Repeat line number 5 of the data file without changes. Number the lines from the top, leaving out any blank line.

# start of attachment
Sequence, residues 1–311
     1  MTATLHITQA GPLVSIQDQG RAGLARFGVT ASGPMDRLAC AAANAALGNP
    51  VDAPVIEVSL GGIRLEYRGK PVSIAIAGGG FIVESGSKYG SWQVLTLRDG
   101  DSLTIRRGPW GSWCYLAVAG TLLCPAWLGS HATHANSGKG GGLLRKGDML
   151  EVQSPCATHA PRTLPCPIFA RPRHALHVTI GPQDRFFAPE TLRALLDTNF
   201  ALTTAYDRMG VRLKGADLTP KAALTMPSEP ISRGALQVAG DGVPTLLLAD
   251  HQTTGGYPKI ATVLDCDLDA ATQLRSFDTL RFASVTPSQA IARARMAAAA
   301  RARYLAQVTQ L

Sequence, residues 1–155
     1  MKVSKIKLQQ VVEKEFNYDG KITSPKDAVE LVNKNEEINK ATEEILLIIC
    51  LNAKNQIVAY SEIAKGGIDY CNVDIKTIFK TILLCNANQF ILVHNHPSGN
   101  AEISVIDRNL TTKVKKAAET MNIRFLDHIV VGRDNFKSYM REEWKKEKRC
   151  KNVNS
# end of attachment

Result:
   151  EVQSPCATHA PRTLPCPIFA RPRHALHVTI GPQDRFFAPE TLRALLDTNF